Intel needs to move quickly in tablets, which are eating into the sales of netbooks and low-end laptops, a staple of Intel's business, said Nathan Brookwood, principal analyst at Insight 64.
"Nobody expected the iPad to be the phenomenal success it has been," Brookwood said.
Intel is the dominant player in the PC market, with its chips going into more than 80 percent of the world's PCs. But PC shipments have declined due to a growing interest in tablets, according to surveys by IDC and Gartner this week. Worldwide PC shipments declined by 3.2 percent in the first quarter of 2011 compared with the first quarter of 2010, according to IDC. The research company estimates that tablet shipments will reach 44 million units this year, up from just 18 million last year.
Intel took some time to assess the tablet market, but its accelerated strategy should bring it closer to ARM on power consumption, a key variable.
"People don't value the performance as much as they value the battery life in the [tablet] space," Brookwood said.
The rapid progress in Intel's manufacturing process will leave "ARM suppliers scrambling to keep up with the process wars," said Jack Gold, principal analyst of J. Gold Associates, in a research note on Thursday.
"Once Intel gets to 32-nm, and then advances to 22-nm, we expect them to be as energy efficient and effective as ARM," Gold wrote.
Intel will also differentiate its chips through features such as integrated security and specialized accelerators to improve multimedia performance, Gold said.
Intel has also helped to extend a variety of operating systems, such as Google's Honeycomb, to work on its x86 Oak Trail tablets. The upcoming Windows OS will also work on both Atom and ARM processors, so the competition there will be on even ground, Gold said.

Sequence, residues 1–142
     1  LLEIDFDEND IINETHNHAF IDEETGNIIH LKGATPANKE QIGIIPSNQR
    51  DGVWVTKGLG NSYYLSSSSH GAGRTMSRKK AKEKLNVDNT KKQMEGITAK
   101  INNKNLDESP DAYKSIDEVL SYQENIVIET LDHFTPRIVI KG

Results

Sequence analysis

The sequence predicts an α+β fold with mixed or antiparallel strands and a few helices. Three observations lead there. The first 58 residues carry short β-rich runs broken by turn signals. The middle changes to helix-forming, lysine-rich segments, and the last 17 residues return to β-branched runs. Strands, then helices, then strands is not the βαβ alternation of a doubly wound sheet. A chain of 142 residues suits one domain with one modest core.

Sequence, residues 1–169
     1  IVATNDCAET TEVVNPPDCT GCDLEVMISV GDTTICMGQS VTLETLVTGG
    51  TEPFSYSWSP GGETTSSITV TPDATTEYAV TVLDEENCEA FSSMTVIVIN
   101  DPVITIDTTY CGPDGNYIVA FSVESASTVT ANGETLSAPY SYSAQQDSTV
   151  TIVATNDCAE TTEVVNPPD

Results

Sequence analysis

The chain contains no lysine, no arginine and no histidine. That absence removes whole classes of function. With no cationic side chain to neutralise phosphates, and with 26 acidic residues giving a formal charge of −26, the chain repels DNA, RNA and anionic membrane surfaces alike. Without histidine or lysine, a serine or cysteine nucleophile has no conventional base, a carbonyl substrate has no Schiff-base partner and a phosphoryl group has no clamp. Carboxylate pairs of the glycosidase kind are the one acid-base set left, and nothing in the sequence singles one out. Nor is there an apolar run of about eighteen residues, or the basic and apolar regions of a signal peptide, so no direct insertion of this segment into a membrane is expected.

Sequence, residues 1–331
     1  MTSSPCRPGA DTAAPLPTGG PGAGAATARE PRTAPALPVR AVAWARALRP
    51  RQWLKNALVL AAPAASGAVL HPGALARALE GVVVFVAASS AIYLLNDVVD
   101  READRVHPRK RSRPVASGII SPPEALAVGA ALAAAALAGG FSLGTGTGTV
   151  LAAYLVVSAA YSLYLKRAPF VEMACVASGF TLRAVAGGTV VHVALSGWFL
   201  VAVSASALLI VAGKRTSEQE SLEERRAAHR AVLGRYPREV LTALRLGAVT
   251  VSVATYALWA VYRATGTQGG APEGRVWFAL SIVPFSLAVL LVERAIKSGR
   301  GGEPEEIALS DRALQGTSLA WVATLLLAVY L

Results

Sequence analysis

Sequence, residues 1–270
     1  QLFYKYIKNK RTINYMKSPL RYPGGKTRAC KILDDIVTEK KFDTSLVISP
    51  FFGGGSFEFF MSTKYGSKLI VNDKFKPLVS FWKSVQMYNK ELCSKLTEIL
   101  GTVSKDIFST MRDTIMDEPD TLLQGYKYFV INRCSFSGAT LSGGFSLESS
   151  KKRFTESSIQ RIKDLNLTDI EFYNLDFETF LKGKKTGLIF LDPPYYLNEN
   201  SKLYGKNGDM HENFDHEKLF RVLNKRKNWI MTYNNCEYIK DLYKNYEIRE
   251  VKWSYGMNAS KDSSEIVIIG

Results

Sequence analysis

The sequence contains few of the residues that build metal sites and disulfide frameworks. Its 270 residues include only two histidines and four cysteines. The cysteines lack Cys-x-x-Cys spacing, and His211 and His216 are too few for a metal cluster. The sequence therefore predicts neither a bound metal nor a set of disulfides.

"It's not that the ARM vendors ... won't be successful. It's that they now have a formidable competitor with attractive products and huge manufacturing capability," Gold wrote.
As Intel draws closer, chip makers that license ARM processors are also improving performance while reducing power consumption, Insight 64's Brookwood said.
ARM has already announced the Cortex-A15 chip design, which is faster and more power-efficient than its predecessor, the Cortex-A9. Qualcomm, which makes the Snapdragon processor, and Nvidia, which offers the Tegra processor, will also offer chips made with 28-nm processes by early next year.
ARM processors are designed with smartphones in mind, which gives the platform an architectural advantage to cut power consumption, Brookwood said. Intel's chip designs originate from PCs, and the company may find it difficult to reach deep down to cut lower levels of power consumption.
"Intel would have to be better [to beat] ARM. They are the challenger," Brookwood said.
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